Identify the potential cause of your cat's diarrhea
Cat diarrhea can be mild, or severe and serious. There are multiple possible causes for cat diarrhea and there are things you can do to help. The first step is to identify the problem and its cause.
Does my cat have diarrhea?
You may be surprised to know that there is a poo scale. That’s right, a poo scale. It is called the Bristol Stool Chart, and you can even get it printed on the side of a mug, or a t-shirt, if the desire grabs you!
The Bristol Stool Chart identifies seven different types of poop, from severely constipated, to severe diarrhea. Not only that, but it gives us a wonderful picture of each type of poo.
If you think your cat may have diarrhea, this the Bristol Stool Chart is the place to start.
Compare your cat’s poo to the pictures in the chart and figure out where on the scale your cat is. This is very helpful for your vet too, as it gives them an idea of how severe the problem is. The Bristol Stool Chart allows you to objectify the shape and form of your cat’s poops.
Cat diarrhea colours
The next stage is even more glamorous...it is colour: what colour is your cat diarrhea? Along with shape and form, colour can be an important indicator of what problems might be going on.
Dark brown: perfect poo colour! Healthy cat poop is mid-dark brown in colour. The dark brown colour is a result of bile. Bile is initially green, but turns to yellow and then brown as it passes through the digestive system. Bile is required to digest fat.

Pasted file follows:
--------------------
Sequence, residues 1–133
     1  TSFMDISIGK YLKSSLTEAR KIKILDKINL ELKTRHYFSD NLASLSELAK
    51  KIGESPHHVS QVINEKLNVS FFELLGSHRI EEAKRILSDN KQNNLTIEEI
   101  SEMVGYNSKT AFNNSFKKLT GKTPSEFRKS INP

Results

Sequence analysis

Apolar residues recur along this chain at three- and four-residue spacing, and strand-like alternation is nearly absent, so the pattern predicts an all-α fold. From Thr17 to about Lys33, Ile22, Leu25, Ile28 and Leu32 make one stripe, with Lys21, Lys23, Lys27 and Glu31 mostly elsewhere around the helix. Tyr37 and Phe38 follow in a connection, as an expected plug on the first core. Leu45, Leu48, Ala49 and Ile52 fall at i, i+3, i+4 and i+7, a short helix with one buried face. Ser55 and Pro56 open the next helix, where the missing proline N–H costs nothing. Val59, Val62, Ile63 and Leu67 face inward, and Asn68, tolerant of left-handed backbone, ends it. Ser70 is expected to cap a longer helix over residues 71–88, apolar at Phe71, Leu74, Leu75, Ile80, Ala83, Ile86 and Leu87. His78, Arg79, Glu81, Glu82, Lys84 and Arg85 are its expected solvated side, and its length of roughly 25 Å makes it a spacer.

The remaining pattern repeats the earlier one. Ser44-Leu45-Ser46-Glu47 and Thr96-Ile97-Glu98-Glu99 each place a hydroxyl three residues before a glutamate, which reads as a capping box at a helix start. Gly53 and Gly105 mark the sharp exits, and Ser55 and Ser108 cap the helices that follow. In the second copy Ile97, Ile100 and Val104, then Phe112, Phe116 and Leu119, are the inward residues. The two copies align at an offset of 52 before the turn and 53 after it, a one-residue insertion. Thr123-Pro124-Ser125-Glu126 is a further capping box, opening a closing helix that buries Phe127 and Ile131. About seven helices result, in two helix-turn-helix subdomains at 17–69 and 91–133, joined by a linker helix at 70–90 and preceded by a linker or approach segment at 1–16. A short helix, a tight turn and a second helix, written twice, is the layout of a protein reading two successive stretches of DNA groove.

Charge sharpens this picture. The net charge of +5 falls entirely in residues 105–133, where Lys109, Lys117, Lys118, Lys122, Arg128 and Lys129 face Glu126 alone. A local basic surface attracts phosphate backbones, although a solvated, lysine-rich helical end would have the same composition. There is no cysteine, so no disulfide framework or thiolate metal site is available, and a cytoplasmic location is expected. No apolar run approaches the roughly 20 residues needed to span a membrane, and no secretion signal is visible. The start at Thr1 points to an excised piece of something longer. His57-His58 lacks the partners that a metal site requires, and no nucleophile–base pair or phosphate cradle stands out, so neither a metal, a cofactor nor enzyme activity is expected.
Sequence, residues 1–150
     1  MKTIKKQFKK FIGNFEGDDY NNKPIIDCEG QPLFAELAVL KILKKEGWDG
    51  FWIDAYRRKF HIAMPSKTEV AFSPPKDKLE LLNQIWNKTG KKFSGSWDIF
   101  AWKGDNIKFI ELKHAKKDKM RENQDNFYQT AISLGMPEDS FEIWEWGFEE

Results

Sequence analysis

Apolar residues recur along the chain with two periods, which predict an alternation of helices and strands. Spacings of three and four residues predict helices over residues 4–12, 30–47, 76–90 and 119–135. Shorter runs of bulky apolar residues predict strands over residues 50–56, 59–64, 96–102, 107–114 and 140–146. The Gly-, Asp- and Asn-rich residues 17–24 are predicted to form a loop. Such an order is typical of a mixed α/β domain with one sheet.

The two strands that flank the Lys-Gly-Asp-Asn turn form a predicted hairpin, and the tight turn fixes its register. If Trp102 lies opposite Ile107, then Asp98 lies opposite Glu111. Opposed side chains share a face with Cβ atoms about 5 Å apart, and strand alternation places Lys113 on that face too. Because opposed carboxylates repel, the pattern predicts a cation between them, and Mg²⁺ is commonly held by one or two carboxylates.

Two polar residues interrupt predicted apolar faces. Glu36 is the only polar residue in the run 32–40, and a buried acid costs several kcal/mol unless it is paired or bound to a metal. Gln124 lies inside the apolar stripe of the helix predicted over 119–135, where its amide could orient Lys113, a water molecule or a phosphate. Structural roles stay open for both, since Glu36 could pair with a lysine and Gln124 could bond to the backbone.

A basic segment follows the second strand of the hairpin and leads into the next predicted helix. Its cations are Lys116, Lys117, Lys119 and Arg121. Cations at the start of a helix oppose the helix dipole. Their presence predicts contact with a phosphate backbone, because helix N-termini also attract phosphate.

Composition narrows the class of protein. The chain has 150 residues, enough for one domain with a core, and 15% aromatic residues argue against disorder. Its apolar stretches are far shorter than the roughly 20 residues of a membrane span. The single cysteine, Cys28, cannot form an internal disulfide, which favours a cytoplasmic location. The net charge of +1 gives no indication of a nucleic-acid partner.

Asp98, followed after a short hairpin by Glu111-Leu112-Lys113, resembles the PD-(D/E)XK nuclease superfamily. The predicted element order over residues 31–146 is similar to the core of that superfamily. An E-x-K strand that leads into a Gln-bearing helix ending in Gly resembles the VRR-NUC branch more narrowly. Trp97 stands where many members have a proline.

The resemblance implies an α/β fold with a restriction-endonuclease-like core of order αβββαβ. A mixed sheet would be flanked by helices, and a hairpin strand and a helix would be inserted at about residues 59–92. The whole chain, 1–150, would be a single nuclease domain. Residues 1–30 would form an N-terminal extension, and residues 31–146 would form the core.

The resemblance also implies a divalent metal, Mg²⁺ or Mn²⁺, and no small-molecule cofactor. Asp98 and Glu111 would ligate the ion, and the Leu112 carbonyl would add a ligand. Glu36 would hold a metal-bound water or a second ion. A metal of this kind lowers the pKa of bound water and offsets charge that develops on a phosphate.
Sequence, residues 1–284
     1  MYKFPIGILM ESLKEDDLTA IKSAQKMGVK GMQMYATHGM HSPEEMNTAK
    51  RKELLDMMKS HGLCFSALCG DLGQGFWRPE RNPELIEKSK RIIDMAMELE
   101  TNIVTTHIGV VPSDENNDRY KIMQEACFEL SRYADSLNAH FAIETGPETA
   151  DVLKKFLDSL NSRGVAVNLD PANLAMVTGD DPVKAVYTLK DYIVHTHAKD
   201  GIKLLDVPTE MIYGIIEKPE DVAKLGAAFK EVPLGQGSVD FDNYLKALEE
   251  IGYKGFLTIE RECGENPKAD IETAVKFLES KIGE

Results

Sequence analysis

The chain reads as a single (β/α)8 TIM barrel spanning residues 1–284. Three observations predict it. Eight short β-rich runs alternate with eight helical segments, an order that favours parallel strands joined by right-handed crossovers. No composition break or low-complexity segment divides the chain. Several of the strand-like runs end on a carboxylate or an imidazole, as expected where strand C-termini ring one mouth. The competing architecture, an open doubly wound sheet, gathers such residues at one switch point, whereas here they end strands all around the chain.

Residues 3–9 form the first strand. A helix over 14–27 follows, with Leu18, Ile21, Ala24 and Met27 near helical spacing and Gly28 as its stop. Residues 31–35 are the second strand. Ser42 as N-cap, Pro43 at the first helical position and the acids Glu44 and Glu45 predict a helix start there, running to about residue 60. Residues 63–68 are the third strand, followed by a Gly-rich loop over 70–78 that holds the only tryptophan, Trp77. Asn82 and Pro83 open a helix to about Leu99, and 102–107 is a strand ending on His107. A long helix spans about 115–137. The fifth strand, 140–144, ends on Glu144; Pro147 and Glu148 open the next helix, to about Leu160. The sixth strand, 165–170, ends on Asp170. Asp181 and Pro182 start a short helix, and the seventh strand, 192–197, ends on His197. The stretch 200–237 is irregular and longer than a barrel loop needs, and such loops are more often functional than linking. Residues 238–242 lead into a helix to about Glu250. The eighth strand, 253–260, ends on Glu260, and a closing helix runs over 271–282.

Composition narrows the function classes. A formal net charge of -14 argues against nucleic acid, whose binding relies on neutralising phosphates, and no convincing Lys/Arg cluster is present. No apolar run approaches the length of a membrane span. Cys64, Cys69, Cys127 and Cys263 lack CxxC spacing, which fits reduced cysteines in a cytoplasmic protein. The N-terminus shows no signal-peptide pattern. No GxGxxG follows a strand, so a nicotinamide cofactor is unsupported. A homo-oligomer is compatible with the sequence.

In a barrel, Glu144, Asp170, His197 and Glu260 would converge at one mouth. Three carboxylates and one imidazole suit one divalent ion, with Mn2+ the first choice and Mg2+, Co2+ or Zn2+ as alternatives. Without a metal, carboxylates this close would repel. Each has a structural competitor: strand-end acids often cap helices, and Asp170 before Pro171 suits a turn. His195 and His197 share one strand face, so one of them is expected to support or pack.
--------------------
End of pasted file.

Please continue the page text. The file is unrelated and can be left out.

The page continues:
Yellow: yellow poop can be a sign of Giardiasis, as a result of an infection with Giardia, a parasite. Can also be a diet to high in fat or a food intolerance.
Orange: orangey poop that is quite oily is often a symptom of too much fat in the diet, or of the fats not being properly absorbed. This can suggest IBS/IBD, malabsorption disorders, problems with bile, or just an unsuitable food.
Grey/White: grey, white, or very pale coloured poo is not a good sign. It is caused by a lack of bile in the stool and usually suggests that the liver is not functioning properly. Seek veterinary attention
Black: black poop can either be severe constipation which has caused the water to be totally drained from the fecal matter, making it appear black. In that case the poo would be very small and hard, and a number 1 on the Bristol Stool Chart. Black poop can also be caused by blood entering the feces in the upper digestive system. It can be caused by a stomach ulcer.
Red, or bloody streaks/mucus: Usually a sign of blood entering the fecal matter in the lower digestive system, often from hemorrhoids. Can also be a virus or other stomach bug.
This list of colours and possible causes is not exhaustive. Your cat’s poop is definitely a barometer of his health, so if your cat’s litter habits change, please visit your vet.
What to do if your cat has diarrhea
- Identify where your cat’s poop is on the Bristol Stool Chart.
- Identify what sort of colour or colours your cat’s poop usually is. If you are struggling to see the colour of the poo you could try using Catsan hygiene litter because it is white, so it is easy to see the exact colour of everything in it! You can buy catsan hygiene litter here (#affiliatelink). Read more about litter choices in our cat litter reviews.